By Tom Marx
In the previous two installments, we completed our look at upper-body/cross-body concepts by studying Shoulder Holsters and Body Armor Holsters that were worn near the non-dominant side armpit. Today, we'll look at belly bands.
The modular band offered by Uncle Mike's appears to be discontinued, but a quick check of the web when I wrote this column showed that there are still a good number of outlets who are offering them. Non-modular but adjustable bands of very good quality are available from Galco (their UnderWraps™ model), Gould & Goodrich (their "Body Guard"), DeSantis (their Model 060), and a host of others. It appears that all of these models are sold by size (S-M-L-XL), are elastic in nature, and use hook-and-loop closers to secure them around the body. Colors vary but are generally black, white or beige.
Where to wear
While many women's clothing items are far more tolerant in regard to the concealing of guns carried in belly bands, their bodies might not be. That's not to say that belly bands are not popular with women — in my experience they are — but like everything else we have discussed here, there are issues to ponder when considering such a device.
Most men can wear a properly designed belly band at any one of several points along the torso: low along the waist, in line with the belly, or on or just below the pectorals. In many cases, the gun can be positioned in a variety of locations around the body as well. Obviously women don't have as many options. In fact, for many, only the belly height is viable. Even that won't work for everybody depending on the size of the rib cage or breasts. Consider this before making a purchase.
The elastic problem
Most belly bands are elastic in nature, either completely or to allow for torso movement and expansion during exertion, so you need to decide if elastic is comfortable for you to wear. Since belly bands are designed to be worn directly against the skin, they might be irritating to the wearer. The aforementioned Uncle Mike's band was made from a smooth finish, breathable material with hook-and-loop covered elastic closures. This was done to promote comfort.
Wearing the band over a covering undergarment can prevent irritation, but that might not be as common for women. With either sex there are issues of stabilization and fit if it's fastened over a T-shirt or camisole instead of directly on the body. There can also be issues of the undergarment binding or moving unnaturally. None of these issues are insurmountable, but they should be recognized.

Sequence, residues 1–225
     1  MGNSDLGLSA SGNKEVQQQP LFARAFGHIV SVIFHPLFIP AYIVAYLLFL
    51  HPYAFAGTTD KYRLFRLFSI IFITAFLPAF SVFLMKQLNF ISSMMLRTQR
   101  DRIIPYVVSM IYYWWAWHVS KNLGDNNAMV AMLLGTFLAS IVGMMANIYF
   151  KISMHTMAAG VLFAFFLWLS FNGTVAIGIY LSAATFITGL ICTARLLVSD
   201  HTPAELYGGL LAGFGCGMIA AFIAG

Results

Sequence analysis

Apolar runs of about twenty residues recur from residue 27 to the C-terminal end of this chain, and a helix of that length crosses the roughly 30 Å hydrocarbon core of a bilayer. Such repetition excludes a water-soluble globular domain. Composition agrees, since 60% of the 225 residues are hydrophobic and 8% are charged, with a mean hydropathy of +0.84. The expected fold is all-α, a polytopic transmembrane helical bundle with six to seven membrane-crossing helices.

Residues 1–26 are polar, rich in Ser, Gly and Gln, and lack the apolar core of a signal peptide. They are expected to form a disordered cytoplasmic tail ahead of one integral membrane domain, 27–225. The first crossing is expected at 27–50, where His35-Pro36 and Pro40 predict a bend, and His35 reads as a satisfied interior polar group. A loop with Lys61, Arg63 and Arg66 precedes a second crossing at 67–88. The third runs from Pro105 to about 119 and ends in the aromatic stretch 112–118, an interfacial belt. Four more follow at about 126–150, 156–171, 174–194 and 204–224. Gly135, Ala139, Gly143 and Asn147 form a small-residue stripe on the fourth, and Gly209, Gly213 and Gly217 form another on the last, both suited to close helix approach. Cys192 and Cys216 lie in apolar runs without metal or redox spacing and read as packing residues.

Unfortunately for many, wearing the band over an undergarment does not always minimize the problems brought about by the lack of breathability within some of these bands themselves. Elastics and many of the fabric materials used here can promote perspiration or at least a difference in temperature along the point of contact. For some people, this can be simply uncomfortable, but for others, it can be an outright deal breaker. Unfortunately, while many people will already know how their body will react to such things from past experience with other items, for many others, "finding out" will have to be a matter of actually "trying out" the rig.
My warnings about wearing the band over an undergarment but still under a covering garment don't mean that you shouldn't consider it. I often wear a band over a relatively tight-fitting T-shirt and it works just fine. It's just that a loose fitting T-shirt leads right into those sliding and stabilization problems, but then again, such an article of clothing is something often more associated with men's or women's uniforms than it is with many women's off-duty or concealment wear.
I also don't want you to think that I am against the use of elastic. I am not. It's just that here too, the potential buyer should be aware of what problems can (but thankfully, not always) result and make a plan to work around them – or just walk away from the design if adaptation isn't possible.